One of the unalloyed joys of Puerto Rico is happening upon a secluded cove or unspoiled stretch of white sand far from crowds and bustle. In Fajardo (about an hour’s drive east of San Juan), a 2-mile hike from the Seven Seas Public Beach will bring you to beautiful El Convento Beach, stretching for miles along an undeveloped shoreline. It's likely you’ll have the sand and aquamarine water all to yourself—save for the sea turtles and other marine life that frequent the spot.  

  • Other secret beaches can be found in the southwest, between Cabo Rojo and Ponce. In Guánica, for instance, Las Paldas and La Jungla beaches are often empty except during holiday weekends.
Snorkeling in Culebra, Puerto Rico
Thomas Shahan / Flickr
Best for Snorkeling: The West Coast

For a worthwhile snorkeling excursion, you want coral reefs teeming with interesting marine life—ideally located close to the shore. Southwestern Puerto Rico, from Guánica through Boquerón, fits the bill, and the area is less crowded than the northeastern part of the island, where San Juan is. The northwest, from Rincón to Isabela, is worth strapping goggles on for as well, but only in the summer, after winter’s big waves quiet down.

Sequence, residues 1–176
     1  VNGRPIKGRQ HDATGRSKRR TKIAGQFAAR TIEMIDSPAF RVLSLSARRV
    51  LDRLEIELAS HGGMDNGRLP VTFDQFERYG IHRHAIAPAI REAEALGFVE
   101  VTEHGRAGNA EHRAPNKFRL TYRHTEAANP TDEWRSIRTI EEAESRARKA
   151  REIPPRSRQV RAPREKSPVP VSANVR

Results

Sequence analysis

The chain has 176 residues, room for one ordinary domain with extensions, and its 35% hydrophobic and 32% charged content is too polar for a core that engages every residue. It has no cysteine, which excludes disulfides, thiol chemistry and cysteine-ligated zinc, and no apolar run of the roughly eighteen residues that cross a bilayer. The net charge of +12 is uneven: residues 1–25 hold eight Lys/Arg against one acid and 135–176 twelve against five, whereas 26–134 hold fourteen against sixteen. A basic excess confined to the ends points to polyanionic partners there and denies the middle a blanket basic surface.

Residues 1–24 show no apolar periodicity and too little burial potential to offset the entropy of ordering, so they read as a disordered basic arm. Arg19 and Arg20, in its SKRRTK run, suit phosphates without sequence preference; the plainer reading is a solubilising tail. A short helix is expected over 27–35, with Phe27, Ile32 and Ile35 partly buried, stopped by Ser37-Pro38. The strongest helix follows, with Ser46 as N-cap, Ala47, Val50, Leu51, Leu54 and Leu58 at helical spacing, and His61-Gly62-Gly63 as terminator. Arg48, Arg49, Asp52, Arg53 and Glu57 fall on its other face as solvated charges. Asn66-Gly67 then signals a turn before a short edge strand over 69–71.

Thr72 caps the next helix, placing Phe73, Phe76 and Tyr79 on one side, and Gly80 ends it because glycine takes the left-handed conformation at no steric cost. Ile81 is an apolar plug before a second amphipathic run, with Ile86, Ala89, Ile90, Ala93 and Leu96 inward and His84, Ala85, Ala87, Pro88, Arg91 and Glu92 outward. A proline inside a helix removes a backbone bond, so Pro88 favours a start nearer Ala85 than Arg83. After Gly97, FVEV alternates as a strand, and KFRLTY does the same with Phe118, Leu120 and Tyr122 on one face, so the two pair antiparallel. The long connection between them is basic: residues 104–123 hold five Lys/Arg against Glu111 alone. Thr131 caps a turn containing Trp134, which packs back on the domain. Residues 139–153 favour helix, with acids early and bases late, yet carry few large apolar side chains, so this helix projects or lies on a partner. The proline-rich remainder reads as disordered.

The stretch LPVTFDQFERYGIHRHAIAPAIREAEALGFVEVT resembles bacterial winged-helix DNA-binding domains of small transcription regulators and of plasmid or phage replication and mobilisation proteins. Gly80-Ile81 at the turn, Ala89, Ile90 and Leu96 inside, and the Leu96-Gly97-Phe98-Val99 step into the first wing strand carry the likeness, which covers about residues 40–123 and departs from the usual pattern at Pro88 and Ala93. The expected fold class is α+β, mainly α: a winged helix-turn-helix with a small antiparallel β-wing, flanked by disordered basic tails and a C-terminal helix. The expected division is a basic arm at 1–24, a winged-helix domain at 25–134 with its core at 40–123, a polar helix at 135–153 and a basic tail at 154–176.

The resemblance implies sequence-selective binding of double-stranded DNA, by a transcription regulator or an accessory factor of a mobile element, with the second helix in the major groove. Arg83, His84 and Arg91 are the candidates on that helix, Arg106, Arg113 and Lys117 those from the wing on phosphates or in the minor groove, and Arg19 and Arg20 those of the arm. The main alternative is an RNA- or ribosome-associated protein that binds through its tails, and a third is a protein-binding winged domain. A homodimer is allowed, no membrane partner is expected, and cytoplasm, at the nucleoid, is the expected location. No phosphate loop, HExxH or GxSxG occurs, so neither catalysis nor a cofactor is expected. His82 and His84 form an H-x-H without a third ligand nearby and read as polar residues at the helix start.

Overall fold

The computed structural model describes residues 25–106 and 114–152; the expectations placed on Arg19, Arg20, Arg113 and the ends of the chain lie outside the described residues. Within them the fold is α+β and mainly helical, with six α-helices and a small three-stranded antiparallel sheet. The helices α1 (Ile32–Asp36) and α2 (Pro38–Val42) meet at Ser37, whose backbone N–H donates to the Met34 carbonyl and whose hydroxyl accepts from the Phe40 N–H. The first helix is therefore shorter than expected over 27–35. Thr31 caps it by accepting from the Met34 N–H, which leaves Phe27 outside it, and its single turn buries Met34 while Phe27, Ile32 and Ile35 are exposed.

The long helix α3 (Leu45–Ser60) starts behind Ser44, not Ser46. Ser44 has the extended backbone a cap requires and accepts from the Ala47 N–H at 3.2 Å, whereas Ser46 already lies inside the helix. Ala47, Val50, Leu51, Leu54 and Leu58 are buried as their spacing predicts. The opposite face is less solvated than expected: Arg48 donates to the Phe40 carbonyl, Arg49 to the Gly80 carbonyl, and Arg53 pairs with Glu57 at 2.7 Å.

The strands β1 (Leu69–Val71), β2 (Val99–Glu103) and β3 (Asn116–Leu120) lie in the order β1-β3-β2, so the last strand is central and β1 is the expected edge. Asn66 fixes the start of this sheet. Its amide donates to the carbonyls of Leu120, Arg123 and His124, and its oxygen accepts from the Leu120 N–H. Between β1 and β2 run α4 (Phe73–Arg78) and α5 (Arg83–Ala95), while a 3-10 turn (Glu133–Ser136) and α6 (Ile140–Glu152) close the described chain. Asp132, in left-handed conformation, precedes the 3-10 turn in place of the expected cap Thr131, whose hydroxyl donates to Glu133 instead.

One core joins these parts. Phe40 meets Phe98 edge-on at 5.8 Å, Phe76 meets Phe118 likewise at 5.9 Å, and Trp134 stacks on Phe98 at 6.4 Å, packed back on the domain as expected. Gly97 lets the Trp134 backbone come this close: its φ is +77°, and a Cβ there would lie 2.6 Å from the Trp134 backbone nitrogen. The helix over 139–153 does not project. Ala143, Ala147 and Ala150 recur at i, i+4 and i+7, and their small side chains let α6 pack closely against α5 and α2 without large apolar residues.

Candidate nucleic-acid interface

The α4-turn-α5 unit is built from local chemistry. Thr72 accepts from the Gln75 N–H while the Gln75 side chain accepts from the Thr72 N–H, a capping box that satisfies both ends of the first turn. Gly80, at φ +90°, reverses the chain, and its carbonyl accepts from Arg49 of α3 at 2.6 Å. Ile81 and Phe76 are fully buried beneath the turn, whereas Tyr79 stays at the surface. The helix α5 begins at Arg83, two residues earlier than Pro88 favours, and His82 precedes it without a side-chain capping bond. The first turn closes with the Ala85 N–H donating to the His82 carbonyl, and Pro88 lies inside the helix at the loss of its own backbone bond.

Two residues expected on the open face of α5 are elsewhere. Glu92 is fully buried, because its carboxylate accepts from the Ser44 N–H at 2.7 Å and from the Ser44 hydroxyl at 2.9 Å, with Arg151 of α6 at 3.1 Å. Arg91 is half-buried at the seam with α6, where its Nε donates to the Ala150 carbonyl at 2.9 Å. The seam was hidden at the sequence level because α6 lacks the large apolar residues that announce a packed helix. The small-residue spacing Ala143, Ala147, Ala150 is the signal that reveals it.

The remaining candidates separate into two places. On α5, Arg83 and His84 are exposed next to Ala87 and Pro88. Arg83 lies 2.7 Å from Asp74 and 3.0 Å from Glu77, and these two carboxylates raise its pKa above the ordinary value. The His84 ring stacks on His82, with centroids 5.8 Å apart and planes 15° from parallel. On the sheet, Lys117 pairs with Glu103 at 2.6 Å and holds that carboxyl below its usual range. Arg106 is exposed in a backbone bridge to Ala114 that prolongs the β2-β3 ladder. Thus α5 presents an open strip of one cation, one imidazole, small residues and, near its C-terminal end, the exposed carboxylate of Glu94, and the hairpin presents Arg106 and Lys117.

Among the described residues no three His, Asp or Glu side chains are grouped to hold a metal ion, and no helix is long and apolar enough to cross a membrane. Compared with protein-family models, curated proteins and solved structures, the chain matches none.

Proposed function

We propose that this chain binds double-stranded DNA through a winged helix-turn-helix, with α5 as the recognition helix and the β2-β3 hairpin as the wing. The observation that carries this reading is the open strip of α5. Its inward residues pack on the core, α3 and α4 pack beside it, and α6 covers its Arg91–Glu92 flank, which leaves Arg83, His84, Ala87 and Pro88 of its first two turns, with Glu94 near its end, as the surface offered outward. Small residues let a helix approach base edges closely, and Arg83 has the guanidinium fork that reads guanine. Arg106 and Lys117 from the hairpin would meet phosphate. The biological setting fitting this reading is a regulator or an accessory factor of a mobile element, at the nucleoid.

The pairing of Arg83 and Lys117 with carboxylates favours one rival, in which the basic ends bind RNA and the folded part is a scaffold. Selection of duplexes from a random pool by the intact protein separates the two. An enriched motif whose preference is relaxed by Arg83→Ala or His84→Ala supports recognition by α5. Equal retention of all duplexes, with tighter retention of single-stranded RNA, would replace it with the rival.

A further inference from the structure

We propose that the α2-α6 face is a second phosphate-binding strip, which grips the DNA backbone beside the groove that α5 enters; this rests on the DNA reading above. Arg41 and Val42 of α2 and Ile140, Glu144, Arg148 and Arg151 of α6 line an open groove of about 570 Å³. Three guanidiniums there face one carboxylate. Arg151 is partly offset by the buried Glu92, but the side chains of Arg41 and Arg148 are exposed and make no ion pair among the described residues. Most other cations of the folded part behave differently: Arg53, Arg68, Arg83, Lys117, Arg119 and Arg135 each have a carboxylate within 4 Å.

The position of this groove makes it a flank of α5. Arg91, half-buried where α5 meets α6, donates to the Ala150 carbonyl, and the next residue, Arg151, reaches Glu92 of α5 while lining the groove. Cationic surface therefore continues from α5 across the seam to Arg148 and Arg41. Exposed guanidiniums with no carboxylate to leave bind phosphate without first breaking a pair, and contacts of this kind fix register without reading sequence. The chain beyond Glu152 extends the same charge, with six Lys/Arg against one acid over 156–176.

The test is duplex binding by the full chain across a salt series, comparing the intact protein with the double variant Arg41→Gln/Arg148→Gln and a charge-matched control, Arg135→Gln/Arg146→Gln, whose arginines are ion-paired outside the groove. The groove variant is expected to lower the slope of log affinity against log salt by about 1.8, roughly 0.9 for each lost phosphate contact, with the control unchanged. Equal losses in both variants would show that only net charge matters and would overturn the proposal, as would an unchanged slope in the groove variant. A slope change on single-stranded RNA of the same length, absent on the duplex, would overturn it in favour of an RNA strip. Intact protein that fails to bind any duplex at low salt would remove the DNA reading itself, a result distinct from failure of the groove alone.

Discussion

• Best snorkeling in the east: Fajardo’s El Convento Beach and the offshore isles of Vieques and Culebra (pictured above)
Flamenco Beach on Culebra, Puerto Rico
blucolt / Flickr
Best Offshore Spots: Vieques and Culebra

Known as the Spanish Virgin Islands, lovely, out-of-the-way Vieques and Culebra represent for many visitors the quintessence of Caribbean beach bliss. Though they’re not quite the undiscovered gems they once were, these two tiny isles off the mainland’s east coast still offer postcard-ready beaches, stylish inns, and charming towns free of chain stores. Vieques is the more developed of the two, with upscale resorts and gourmet restaurants; Culebra is even more relaxed. From its most popular beach, Flamenco (pictured above), a 20-minute hike will bring you to Playa Tamarindo and Playa Carlos Rosario, which are surrounded by a barrier reef. A quarter mile to the south lies the island’s snorkeling highlight, known as The Wall—where you can swim amid 40-foot dropoffs and rainbow-hued fish.

  • Getting there: To get to Vieques or Culebra, you can take a short plane ride from San Juan or a ferry from Fajardo. The latter is by far the more affordable option and lasts about 75 minutes to Vieques and about 45 minutes to Culebra.